subanark at gmail.com
Mon Aug 18 12:39:43 EDT 2008
> We chose to target this common case first, to keep the abstraction
> manageable (for users and for implementers) in the common case. We
> recognize that there are valid reasons to build more complex type systems,
> but don't have experience with enough of them to build that support in.
> Your experience might help to inform an eventual design.
I'll accept this point. I do however believe that the default
implementation determining the relationship of multiple annotations would
work in such a way that it is possible to combine 2 or more annotation
checkers into a single checker. Such implementation for subtyping would see
if all elements on the right hand side (the sub types) were a sub type of at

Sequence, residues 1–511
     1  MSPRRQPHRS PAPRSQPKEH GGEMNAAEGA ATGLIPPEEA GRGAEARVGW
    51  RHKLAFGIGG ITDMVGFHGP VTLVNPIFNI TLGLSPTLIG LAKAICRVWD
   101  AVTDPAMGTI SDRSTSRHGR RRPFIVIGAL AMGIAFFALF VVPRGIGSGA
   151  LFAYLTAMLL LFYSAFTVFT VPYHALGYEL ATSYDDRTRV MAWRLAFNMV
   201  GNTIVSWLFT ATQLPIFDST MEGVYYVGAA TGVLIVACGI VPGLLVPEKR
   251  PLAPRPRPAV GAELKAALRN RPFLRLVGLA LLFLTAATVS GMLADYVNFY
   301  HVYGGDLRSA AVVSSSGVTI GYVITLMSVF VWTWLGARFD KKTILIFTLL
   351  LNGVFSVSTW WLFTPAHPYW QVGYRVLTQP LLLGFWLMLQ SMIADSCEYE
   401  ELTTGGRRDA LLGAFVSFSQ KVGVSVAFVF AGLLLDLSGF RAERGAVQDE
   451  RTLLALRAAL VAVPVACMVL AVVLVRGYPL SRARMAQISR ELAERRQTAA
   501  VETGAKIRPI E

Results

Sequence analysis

least one element on the left hand side (the super types), and any elements
on the left hand side that did not match up with at least one element on the
right hand side would be tested to check if the root annotation were a sub
type of it.
Instead of the current implementation of just checking if there is one
> I'm a touch confused, because this this isn't an example of the first
> phrase of the sentence. "UIResource.class" is an argument to the
> @Constrained annotation, not the the the annotations are on. Did you mean
> for your example to be "@Constrained UIResource", or were you making a
> separate point?
You are right, not a good example. I guess most situations where you might
want the type data, you could add such information in the annotation
implicit method, such as @Strictfp that would indicate that the variable was
formed though strictfp operations. In that case instances of int and long
could automatically be annotated as being @Strictfp.
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